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Rookie Advice to a Founder from a Startup Employee

Jubin Mehta
29th Aug 2012
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They say you should learn from everyone and keep your ears open. I’m no founder and have no clue as to how to run a company but I’ll cross the line and pretend to be omniscient here. I’d like to believe that I’ve had a unique experience; I’ve seen the corporate life, have worked for a startup and have interacted with and written about more than 400 startups till date. I’ve been talking to founders, VCs and employees and one thing that is pretty clear is that culture and employee morale is of paramount importance for a growing startup.

An aspect that is an advantage as well as a predicament for a startup is that every member can be/is involved in decision making. And a huge problem a founder faces and pulls his hair out about is understanding employee psychology. And here is where I think I can make a point (or more than just a point)

1) Whenever you’re making a decision about an employee, the ‘sense of belonging’ is very important from the employee's point of view. This vibe which an employee gives out is palpable for a founder, you'd know if she belongs. You'd know when an employee puts the company as first priority. The employee shouldn’t feel that she is a part of the ‘company’ but it is her company. This might be difficult to gauge and some might even consider this to be impossible. How can one expect an employee to feel this way? And here is where the ‘freedom of working for a startup’ comes into picture. I’ve talked to dozens of ‘awesome startup employees’ and the one thing I find in common is that they’re all doing whatever they want to do. There are doctors writing codes, writers designing architectures, dropouts doing marketing! More and more, it’s not the degree or background that is playing a role, it’s the will. If you find a person, who likes what she does, she’s the one. There’s a caveat here though; she’s not doing this for the company. Primarily, she’s doing what she wants to and the alignment is such that she puts the company before anything else. If that ‘joy’ is taken away, the regard for the company goes away.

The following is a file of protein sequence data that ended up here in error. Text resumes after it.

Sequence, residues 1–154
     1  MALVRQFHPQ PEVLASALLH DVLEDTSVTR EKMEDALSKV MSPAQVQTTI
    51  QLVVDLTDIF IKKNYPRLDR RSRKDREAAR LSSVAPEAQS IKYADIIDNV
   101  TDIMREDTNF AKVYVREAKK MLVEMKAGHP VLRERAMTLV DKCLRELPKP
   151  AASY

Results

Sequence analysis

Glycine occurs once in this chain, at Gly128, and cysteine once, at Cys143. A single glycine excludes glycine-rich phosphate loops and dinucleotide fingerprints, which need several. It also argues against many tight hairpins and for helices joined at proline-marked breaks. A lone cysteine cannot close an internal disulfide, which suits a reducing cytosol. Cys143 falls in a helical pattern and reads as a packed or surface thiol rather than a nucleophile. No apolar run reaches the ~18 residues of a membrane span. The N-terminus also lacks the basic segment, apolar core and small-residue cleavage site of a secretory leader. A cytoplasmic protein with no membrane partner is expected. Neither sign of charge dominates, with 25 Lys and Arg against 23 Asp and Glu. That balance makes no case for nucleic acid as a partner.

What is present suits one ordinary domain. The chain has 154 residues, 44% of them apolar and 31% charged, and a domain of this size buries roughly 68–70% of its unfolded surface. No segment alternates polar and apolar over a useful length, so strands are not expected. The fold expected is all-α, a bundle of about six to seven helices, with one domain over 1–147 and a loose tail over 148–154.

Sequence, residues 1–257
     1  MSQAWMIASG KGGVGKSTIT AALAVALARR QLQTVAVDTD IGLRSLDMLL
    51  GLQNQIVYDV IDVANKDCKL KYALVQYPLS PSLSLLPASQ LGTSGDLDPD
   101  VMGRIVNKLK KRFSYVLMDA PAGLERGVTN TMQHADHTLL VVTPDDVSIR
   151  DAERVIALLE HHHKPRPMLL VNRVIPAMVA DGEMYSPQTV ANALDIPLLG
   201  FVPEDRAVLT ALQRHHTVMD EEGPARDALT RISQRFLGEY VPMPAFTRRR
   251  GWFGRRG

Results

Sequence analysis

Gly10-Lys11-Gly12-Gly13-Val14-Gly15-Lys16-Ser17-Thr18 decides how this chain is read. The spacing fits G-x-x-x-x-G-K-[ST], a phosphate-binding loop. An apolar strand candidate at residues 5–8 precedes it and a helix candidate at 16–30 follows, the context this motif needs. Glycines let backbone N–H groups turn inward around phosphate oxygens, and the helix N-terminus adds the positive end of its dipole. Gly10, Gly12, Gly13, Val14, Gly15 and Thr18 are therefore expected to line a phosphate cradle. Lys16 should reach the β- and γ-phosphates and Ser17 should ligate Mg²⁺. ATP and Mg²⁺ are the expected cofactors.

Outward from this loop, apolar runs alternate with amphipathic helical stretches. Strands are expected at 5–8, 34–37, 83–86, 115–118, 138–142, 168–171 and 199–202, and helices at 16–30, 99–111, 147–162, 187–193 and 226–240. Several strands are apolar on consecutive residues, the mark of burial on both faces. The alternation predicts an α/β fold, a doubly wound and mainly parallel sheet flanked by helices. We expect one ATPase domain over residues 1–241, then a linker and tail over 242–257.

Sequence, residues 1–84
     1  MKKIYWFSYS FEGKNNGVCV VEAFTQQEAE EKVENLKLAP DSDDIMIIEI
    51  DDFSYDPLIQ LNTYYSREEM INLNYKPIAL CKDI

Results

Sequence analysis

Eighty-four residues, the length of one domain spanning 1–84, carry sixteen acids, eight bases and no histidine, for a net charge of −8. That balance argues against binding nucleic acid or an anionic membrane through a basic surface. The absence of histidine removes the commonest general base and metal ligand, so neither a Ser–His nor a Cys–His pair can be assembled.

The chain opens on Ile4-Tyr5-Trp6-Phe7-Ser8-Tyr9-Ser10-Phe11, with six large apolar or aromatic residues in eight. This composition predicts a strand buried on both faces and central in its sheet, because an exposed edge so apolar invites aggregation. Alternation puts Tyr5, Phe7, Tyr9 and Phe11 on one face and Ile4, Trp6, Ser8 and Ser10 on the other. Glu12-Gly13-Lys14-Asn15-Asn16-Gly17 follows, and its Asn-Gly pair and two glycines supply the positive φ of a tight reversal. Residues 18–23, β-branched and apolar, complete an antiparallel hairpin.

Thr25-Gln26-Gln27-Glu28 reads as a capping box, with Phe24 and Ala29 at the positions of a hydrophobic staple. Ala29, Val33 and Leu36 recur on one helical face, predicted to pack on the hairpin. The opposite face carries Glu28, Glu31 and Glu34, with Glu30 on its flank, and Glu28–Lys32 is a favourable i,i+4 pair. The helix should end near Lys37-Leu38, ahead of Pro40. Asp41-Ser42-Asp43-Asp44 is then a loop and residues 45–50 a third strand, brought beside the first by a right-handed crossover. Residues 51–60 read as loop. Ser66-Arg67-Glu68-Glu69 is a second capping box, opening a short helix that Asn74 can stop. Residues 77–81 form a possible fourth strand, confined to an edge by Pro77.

2) Another factor is the proximity; it hardly matters where the person is. Sitting thousands of kilometers away, an employee can be more loyal and productive as compared to the one who is always there in front of your eyes. For a founder, seeing the bigger picture, the takeaway would be not to fret upon frivolities. Some things just work out.

3) After a lot of back & forth and some scale, there comes a point when this freedom for an employee wouldn’t be possible. One needs to learn and let go. As you grow, you need to be more subjective; you cannot expect as much as you’d expect from that early employee. Why? Because she looks at it as a ‘company’ and there’s very less you can do for her not to feel so. She’s working for someone now. This bifurcation is very important to understand and sometimes only very perspicacious founders are able to do this. Some founders do it well, others don’t. And then there are the very few where this bar doesn’t exist at all but till you achieve that; keep an eye open for those free flying souls.

 

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